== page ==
Monday, August 31, 2015

do we take offense too often because we don't know or care about the facts?

I'm rather confused about the reaction to ‪#‎Auschwitz‬ museum staff installing water sprinklers near the ticket line to keep guests cool while waiting to enter. I do understand that this could be made to appear similar to "showers" that the Nazis sent Jews into -- the gas chambers will never, ever be forgotten. But here are some things:
1) These sprinkler systems are meant to keep people from passing out in line due to extreme heat, which is mentioned in articles about the issues as happening several times this summer. The sprinklers are nowhere near the gas chambers at the memorial site. They're not even inside the complex -- they're located before guests can get in. With record crowds this summer (over 1 million people this year so far) from all over the world, the wait to get inside has been longer than ever. It makes sense that the staff would want to keep their visitors safe from the heat.
2) The "showers" look nothing like shower heads. They are literally hoses with holes in them strung across poles to mist over visitors who get too warm. They are much like the misters used at Freedom Festival events here in Provo around the 4th of July. In no way, shape, or form are they similar to the systems used inside the gas chambers.
3) Those who are familiar with Holocaust history know that the "showers" Jews were made to enter had false shower heads installed. No gas ever came from these. Instead, pellets of Zyklon B were dropped through small, re-sealable holes in the roof or walls of the chambers. The gas wasn't sprayed -- you cannot spray a gas like you can spray water. Furthermore, the Auschwitz Museum and Memorial staff are trying to protect their visitors, not hurt them. It's a completely opposite situation, seemingly small in comparison to the outcry against the sprinklers.
I recognize that for some this seems horrific and like a major oversight on the part of the Auschwitz Memorial and Museum staff. However, it seems clear that their main objective is to protect their visitors. Guests come from all over the world, and from all types of environments -- many cannot stand temperatures of 102 degrees Fahrenheit for very long. I certainly can't.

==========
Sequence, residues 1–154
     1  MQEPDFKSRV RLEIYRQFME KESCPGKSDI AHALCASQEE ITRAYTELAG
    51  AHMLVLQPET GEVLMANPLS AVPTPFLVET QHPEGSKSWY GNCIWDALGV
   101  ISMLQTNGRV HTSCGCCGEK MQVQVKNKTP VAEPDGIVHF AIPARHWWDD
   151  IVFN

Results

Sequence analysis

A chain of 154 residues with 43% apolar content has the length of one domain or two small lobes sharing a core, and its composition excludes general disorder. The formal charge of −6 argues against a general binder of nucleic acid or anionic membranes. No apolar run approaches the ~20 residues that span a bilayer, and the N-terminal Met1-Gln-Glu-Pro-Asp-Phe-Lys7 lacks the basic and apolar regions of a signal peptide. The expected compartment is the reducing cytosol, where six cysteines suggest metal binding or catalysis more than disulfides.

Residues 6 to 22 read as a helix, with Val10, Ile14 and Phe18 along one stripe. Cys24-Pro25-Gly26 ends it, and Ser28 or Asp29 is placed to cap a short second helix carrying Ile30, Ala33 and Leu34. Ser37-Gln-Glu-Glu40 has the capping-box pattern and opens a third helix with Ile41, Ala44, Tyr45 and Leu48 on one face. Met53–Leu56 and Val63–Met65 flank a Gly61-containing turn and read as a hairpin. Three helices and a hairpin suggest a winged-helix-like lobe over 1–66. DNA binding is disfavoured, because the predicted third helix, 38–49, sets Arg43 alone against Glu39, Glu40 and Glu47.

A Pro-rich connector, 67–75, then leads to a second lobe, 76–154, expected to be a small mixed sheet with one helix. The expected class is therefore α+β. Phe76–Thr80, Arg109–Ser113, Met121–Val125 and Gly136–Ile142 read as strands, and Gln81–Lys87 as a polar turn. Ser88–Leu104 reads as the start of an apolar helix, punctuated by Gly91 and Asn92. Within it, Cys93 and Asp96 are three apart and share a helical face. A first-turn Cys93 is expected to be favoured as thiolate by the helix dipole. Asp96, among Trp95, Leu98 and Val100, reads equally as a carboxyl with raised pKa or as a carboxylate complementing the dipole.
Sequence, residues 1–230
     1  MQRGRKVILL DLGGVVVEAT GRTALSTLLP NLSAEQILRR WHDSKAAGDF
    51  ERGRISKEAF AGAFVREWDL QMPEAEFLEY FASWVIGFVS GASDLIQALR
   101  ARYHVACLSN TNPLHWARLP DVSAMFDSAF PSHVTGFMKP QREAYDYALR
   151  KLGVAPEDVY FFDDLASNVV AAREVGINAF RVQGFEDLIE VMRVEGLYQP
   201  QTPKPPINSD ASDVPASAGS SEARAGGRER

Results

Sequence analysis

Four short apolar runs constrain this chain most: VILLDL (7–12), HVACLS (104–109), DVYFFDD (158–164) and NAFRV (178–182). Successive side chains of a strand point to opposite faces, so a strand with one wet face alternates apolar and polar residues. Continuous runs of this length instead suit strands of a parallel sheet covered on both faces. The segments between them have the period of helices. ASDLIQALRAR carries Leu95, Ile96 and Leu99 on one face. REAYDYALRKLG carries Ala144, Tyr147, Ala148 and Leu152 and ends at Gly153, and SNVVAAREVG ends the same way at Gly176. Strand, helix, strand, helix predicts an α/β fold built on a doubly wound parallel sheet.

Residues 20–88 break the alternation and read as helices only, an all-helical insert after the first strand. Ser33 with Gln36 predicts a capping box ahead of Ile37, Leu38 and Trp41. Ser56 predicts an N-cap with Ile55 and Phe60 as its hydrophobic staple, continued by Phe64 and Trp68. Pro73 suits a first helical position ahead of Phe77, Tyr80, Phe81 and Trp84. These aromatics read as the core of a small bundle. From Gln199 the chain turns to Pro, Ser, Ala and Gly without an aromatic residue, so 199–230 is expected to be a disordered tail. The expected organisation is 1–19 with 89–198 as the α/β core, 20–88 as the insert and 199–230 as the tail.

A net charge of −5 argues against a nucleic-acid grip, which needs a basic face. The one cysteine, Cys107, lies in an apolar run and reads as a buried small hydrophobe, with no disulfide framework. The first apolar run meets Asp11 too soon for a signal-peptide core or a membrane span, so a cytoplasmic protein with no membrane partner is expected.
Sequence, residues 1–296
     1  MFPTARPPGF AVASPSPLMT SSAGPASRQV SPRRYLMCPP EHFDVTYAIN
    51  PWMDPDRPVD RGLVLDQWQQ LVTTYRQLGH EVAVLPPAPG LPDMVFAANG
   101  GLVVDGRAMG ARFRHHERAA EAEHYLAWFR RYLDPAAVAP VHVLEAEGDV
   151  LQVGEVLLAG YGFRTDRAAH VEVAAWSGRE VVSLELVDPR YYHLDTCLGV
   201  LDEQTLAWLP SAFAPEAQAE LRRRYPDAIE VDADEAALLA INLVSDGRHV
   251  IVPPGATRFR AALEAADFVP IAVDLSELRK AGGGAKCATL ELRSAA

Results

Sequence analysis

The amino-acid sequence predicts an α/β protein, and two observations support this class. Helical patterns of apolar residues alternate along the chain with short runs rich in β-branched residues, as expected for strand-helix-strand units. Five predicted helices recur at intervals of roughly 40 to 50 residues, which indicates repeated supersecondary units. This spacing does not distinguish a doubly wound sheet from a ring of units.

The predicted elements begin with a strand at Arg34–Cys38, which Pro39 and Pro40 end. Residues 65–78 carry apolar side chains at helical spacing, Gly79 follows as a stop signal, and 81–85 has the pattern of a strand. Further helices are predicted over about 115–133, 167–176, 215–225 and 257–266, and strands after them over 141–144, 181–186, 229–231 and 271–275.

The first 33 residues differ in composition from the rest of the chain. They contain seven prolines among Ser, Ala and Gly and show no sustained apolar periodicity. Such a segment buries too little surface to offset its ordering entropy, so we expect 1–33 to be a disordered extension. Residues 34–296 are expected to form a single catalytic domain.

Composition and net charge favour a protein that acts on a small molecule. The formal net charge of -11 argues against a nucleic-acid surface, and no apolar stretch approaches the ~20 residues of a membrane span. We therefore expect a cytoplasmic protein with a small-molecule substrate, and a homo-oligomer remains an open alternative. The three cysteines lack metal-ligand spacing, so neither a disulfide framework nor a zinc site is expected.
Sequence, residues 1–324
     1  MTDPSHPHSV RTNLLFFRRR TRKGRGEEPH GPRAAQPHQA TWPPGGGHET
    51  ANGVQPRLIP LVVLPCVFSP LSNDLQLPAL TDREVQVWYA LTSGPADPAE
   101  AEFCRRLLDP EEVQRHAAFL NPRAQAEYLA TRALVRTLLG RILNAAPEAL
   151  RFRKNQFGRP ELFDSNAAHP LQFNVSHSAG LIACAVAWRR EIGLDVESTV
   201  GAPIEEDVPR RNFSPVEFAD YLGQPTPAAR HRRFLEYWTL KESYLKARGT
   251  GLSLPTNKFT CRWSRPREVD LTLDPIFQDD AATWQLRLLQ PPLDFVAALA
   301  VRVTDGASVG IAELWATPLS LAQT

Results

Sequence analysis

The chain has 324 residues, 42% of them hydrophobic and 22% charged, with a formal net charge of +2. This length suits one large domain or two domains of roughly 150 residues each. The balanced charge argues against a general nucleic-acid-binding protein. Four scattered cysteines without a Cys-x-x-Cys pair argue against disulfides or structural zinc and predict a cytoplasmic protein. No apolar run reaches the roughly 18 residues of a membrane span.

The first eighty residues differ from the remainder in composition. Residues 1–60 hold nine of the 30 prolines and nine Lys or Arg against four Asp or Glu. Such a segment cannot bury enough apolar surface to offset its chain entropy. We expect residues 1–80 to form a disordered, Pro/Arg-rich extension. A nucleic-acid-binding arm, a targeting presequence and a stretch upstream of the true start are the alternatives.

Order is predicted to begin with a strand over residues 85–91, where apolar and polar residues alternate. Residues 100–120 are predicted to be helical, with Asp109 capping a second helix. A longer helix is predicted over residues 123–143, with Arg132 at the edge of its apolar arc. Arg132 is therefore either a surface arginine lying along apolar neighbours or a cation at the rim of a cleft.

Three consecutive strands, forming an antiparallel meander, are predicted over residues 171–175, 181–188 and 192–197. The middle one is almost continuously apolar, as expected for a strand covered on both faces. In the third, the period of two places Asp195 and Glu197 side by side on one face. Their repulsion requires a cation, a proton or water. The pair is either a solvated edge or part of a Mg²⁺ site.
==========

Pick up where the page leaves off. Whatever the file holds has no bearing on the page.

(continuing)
In addition, Poland's extreme temperatures (record highs not seen in decades) are causing power curbs, meaning that public and private sector establishments (including homes) are having their power cut. How can you do something with fans when there is no power or limited power, and the air blowing around is still over 100 degrees? I'm personally trying to brainstorm other cost-effective ways to keep guests cool as they wait to enter the complex, and I'm coming up dry.
What do you think about this? Honestly, I feel that people in our global society choose to be offended about things that were completely innocent. Perhaps it's because I'm not an Israeli, nor am I a descendant of Jews who survived the Holocaust. I know and recognize that horror -- I've studied it so much that I almost wish I hadn't delved as deeply as I did. But this truly seems like an overreaction.
Isn't it important to make sure people can visit places like this, and visit safely, so that these histories and stories and lives aren't forgotten? To shut such a place down because of the heat would be a tragedy. How many wouldn't get a chance to go again?
Thoughts? Rebuttals? Comments? If you are Jewish or have Jewish ancestry, what is your take on this?

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